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‘I understand how exhausting the work is’: mother and father’ views on the lecturers’ strike | Instructing

February 2, 2023
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More than 100,000 teachers in England and Wales are taking part in a strike organised by the UK’s largest education union. The UK education secretary, Gillian Keegan, claimed that the majority of schools in England and Wales would remain open. The National Education Union predicted that 85% of schools would be affected, with one survey suggesting that up to one in seven schools would be closed, rising to a quarter in London.

Here, three parents discuss how they and their children are being affected by the strike and their views on the action.

‘My daughter and I joined the picket line’

Michael Watts

“We recently moved our three-year-old daughter to a preschool in a primary school, and so we’re affected by today’s strikes. I took the day off work, and my daughter and I joined the teachers on the picket line this morning, brought them some biscuits we’d made, and had a chat. We spent the afternoon in the leisure centre for soft play and swimming.

“I’m in a fortunate position that my work is very flexible. [While] taking the day off work is never super easy, I’ve managed to put my phone away and it’s nice to have some more time to spend with my daughter. I appreciate that for others it’s much more complicated.

“I wholeheartedly support the teachers’ strikes. I’m concerned that as a country we can’t pay the people we trust daily with our children’s wellbeing and development better. I used to be a primary teacher myself, and I know how hard the work is, how long the days are, and that pay has been eroded.”
Michael Watts, 39, software engineer in London

‘My patience is running out with teachers’

“Luckily enough my parents can step in today – they’re at the zoo with the kids, who are six and nine. But they’re not going to be able to step in for every one of four days – I imagine we’ll have to take some time off over coming weeks. We don’t get the holidays the teachers get, you’re limited. And who knows if there’ll be more strike days? Then you’re scrabbling around, taking unpaid leave.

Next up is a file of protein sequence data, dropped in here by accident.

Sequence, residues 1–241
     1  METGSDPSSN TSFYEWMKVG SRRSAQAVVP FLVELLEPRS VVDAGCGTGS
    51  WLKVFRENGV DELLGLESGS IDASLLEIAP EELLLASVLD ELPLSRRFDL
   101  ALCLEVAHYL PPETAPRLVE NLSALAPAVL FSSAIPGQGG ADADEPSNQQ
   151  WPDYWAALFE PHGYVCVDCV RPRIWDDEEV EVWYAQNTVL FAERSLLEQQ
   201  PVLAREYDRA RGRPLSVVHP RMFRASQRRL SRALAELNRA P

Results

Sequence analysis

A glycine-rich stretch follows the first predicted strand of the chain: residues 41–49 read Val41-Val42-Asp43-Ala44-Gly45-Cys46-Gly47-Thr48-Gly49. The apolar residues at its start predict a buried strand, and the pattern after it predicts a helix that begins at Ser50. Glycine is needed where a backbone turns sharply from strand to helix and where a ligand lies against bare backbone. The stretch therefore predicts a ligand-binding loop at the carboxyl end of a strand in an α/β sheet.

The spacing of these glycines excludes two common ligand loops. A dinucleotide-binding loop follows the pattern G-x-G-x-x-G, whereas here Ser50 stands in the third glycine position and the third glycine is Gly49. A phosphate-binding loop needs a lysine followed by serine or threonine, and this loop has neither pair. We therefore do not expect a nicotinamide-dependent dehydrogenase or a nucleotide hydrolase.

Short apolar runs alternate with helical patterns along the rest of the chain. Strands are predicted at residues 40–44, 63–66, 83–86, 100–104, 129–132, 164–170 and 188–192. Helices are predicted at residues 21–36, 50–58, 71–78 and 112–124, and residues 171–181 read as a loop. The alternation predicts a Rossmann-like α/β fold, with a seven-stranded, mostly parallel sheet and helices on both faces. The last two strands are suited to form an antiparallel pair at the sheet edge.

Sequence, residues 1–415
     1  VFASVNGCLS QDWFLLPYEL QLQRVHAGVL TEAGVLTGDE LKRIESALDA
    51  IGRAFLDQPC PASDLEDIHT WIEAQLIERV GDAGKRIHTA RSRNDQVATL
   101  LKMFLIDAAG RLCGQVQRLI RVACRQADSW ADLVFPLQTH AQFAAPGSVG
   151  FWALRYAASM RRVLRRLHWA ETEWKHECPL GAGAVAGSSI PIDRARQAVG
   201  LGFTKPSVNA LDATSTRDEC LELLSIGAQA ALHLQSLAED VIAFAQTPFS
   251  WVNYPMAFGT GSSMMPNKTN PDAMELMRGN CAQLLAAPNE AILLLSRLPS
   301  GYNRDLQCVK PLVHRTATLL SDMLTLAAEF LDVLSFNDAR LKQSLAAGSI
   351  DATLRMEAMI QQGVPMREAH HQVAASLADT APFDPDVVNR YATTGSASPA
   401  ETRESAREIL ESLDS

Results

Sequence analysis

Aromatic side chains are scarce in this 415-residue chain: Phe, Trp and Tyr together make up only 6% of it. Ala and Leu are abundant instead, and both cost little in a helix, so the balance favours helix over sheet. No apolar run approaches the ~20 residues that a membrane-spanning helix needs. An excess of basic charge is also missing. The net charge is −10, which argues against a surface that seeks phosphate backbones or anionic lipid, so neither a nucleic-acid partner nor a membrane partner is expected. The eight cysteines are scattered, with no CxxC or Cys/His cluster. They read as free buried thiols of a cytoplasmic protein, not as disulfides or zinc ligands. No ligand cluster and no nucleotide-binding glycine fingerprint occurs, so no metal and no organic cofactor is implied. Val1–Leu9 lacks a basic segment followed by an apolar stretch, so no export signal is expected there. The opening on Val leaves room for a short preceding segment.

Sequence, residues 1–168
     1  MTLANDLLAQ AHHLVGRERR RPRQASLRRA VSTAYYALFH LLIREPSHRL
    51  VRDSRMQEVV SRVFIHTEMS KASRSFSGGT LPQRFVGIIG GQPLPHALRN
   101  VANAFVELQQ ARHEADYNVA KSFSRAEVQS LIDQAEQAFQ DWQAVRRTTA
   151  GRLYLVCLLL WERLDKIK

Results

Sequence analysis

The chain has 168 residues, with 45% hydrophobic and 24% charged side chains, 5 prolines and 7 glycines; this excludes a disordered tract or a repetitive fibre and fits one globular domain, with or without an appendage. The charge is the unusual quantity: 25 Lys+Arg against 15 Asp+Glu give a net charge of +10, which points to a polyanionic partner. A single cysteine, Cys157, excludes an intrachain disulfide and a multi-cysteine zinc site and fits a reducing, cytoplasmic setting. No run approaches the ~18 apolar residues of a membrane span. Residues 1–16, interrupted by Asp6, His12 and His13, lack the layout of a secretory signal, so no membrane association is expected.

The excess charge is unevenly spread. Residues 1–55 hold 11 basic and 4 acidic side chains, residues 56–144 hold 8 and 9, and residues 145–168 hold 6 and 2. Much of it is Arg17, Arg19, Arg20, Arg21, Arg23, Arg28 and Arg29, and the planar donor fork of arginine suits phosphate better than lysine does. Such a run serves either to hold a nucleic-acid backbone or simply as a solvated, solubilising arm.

“My patience is running out with teachers at the moment. Do they forget Covid, when we were home schooling our children while [we got] a few photocopied lesson plans sent home once a week if we were lucky? Kids missed months of education, it affected a whole generation of kids. Now they are on strike for four days and the school is closed.

“We all want 15% pay rises. Teachers, don’t be upset with us parents if you find there is no wine or gift vouchers at Christmas. It’s quite clear you put yourselves first and the children second.”
Steve, 45, contracts manager in Merseyside

‘It is easy for me to be supportive – I won’t take a personal hit’

Sarah McKennaSarah McKenna

“My children, aged seven and 11, are in primary school and both their classes are off today. They are with their dad, who fortunately has holiday. The school didn’t mention anything about home work – we’re glad to not have to do home schooling again.

“I fully support the teachers. It’s ludicrous that successive governments have allowed teaching to be so devalued by failing to deliver attractive pay and benefits, [which would] ensure it’s an appealing career for promising graduates.

“I will say though that my husband has a lot of holiday left and we both work mainly from home, so it’s not going to cause us difficulties if the children are off for the odd day. Plus, they are both doing well at school. If I was worried about missing work, losing a day’s pay or their attainment, I might feel differently, so I have sympathy for parents in any of these positions. It is relatively easy for me to be supportive because I won’t take a personal hit.”
Sarah McKenna, 41, works for a retail design consultancy in London

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